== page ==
Anybody who has spent time with an inquisitive toddler knows what it is to be curious: Why? How? Who? Where? Though these questions can become a burden for parents and babysitters alike, I see in them the proof that curiosity is one of the many ways we have been created in the image of God.
When I think about this God-given curiosity, I am reminded of a lecture I attended while a student at Wheaton College in Illinois, given by a retired Ugandan Anglican bishop. He spoke about the sin of thinking we have everything figured out, or what some may call a Pharisaic lack of humility. “One of the problems of evangelical Christianity,” he said, “is that we have no questions; we just have answers. In fact, we tell the world, ‘Jesus is the answer’…But what is the question?” When Christians are only able to produce rote answers to preconceived questions, not only does our faith become stagnant, it prohibits us from confronting the many problems, fears, and uncertainties of our world.
The power of a question is that in asking it you are forced to look more deeply at the situation in front of you. Heralded statesman Bernard Baruch once famously quipped, “I am not smart. I try to observe. Millions saw the apple fall, but Isaac Newton was the one who asked, ‘Why?’” Curiosity, he seems to say, has the power to open us up to truth and reality in ways we may never have imagined.
It is for that reason that I feel confident in saying that wisdom is found within the questions. Perhaps this is what Jesus meant when he commanded his followers to “become as little children” (Matthew 18:3), to unlearn the “truths” we have come to cling to, and to ask the simple, profound questions. Why? How? Who? Where?
Questions are not just for children though. In the tradition of Newton’s inquiries about apples, the scientific method is dependent upon the ability to ask good questions. I graduated college with a degree in geophysics, and will soon be graduating with a master’s degree in environmental science. More than any principle or theory that I have learned during the course of my education, this scientific training has taught me how to go about asking good questions.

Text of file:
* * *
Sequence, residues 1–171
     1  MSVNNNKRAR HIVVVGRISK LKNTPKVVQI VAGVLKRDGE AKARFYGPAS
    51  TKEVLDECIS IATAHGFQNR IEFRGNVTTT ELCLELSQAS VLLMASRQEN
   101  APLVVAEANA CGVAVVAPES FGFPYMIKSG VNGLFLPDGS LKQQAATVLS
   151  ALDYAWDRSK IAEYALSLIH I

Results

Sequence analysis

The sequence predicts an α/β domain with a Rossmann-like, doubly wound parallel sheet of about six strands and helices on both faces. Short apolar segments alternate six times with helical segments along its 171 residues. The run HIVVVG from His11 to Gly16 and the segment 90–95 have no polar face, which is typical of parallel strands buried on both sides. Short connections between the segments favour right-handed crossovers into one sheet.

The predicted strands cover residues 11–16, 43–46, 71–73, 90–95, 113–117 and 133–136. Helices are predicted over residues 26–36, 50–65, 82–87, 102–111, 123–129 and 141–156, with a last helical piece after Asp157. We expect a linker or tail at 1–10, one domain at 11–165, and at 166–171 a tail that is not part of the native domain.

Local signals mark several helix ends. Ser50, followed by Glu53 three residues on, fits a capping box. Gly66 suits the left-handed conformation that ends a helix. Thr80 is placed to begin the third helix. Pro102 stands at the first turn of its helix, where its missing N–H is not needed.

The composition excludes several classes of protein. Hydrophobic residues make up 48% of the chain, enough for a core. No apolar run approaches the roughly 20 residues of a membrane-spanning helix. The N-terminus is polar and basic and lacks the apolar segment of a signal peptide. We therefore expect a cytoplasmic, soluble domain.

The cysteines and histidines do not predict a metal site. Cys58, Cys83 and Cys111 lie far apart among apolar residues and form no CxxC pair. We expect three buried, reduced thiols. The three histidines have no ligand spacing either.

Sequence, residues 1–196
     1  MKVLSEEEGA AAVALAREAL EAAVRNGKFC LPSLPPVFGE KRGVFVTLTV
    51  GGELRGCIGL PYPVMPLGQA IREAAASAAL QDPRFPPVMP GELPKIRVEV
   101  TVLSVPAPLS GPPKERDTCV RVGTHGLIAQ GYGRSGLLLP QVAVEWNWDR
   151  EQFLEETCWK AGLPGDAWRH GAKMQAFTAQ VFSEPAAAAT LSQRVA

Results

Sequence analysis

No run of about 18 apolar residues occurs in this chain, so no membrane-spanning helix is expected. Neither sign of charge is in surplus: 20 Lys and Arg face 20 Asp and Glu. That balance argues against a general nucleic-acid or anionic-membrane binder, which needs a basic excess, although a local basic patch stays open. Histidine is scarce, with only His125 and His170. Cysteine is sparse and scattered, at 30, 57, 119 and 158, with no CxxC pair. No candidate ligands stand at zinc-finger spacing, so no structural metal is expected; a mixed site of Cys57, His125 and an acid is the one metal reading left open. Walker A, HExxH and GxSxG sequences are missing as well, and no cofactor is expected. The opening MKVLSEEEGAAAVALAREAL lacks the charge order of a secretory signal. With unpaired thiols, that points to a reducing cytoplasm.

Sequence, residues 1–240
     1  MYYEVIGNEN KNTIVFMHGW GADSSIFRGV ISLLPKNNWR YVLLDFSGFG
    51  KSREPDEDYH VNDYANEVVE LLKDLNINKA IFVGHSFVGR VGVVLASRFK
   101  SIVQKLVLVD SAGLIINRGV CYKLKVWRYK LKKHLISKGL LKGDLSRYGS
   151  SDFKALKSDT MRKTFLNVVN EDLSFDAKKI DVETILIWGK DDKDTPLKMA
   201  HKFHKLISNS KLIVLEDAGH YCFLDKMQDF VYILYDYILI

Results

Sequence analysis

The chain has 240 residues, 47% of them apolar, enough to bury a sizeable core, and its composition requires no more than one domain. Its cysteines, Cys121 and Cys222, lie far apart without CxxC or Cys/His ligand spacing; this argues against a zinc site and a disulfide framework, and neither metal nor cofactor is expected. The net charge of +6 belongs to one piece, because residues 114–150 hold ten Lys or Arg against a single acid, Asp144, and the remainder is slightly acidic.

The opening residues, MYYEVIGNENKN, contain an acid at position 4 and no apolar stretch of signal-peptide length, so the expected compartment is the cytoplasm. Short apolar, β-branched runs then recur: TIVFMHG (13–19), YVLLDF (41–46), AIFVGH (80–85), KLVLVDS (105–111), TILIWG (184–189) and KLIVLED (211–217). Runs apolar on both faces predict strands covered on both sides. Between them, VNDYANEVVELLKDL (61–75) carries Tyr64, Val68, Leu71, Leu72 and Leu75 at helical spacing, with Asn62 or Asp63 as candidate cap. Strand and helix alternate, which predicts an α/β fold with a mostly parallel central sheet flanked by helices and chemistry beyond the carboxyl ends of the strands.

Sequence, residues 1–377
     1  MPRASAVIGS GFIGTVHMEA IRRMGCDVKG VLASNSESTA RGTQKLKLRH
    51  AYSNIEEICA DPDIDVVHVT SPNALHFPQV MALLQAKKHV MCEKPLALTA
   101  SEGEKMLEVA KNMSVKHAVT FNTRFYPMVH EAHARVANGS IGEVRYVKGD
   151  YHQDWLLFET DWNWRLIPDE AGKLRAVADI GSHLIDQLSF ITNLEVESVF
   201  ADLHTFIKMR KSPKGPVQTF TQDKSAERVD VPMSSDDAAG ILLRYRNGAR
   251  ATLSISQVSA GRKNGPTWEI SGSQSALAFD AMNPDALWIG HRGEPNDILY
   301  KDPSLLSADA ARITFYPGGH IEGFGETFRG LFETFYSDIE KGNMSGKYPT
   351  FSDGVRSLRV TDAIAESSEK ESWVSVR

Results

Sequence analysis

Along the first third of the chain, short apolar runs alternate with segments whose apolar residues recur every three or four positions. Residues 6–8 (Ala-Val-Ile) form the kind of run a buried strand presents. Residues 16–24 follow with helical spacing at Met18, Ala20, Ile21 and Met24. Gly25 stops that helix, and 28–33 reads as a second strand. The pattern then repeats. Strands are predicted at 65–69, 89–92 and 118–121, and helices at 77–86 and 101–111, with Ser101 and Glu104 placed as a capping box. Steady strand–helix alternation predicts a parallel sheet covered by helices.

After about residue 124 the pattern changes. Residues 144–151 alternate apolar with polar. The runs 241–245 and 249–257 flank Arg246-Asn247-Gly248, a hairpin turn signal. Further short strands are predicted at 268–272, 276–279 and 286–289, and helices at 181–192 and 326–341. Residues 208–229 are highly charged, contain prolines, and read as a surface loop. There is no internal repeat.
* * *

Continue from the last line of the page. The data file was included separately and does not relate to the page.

I remember the first time I saw a seismometer when our professor took our Introductory Geology class to look at readings from earthquakes caused by slumping aquifers below Mexico City. I remember my mind racing like the needle of the seismometer—how small we were! “How great Thou art!” I felt compelled to learn more about the world God had made. To borrow from the old hymn, in my “awesome wonder,” I desired to delve more deeply into God’s creation with the hope of glimpsing the genius of the Creator. As the psalmist wrote in Psalm 143:5: “I meditate on all your works, and consider what your hands have done. I spread out my hands to you; I thirst for you in a parched land.”
The late Jewish theologian Abraham Heschel put to words well the story that was beginning to unfold in my heart and mind: “Wonder, rather than doubt, is the root of all knowledge.” Wonder is why I began to study water resources and human stewardship in the first place. Wonder is why I continue to explore what it means to be an image-bearing caretaker of creation. Wonder is why faith and curiosity are not mutually exclusive.
Wonder, curiosity, questions. However you word it, this simultaneous awe and longing pushes us to know God more fully. “Ask and it will be given to you, seek and you will find,” Jesus taught his disciples. I cannot help but think that the reason the Pharisees did not follow Jesus is because they “knew” too much. They had no room for questions; they already knew the answers.
As I have grown and matured as a Christ-follower and as a scientist, I have learned the value of forming and asking good questions of God and the world. The cultivation of curiosity, I have been learning, is a core spiritual discipline that needs to be encouraged as I discern who God is and where God is leading. “Who is this man?” the disciples asked, awestruck by God’s work in the world. I also am awestruck by God’s work in the world—in myself, in my neighbors, in the waters above and below, in all of Creation. In all my life, as a scientist and a Christian, I hope to pursue that question: Who is this man, that all of Creation obeys him?
This is my question; this is my prayer.
Riley Balikian attends Fountain of Life Covenant Church in Madison, Wisconsin, and serves on the board of the national organization Young Evangelicals for Climate Action. He currently is a master’s student at the University of Wisconsin, where he is studying sustainable community development and water resource management, with an emphasis on food systems.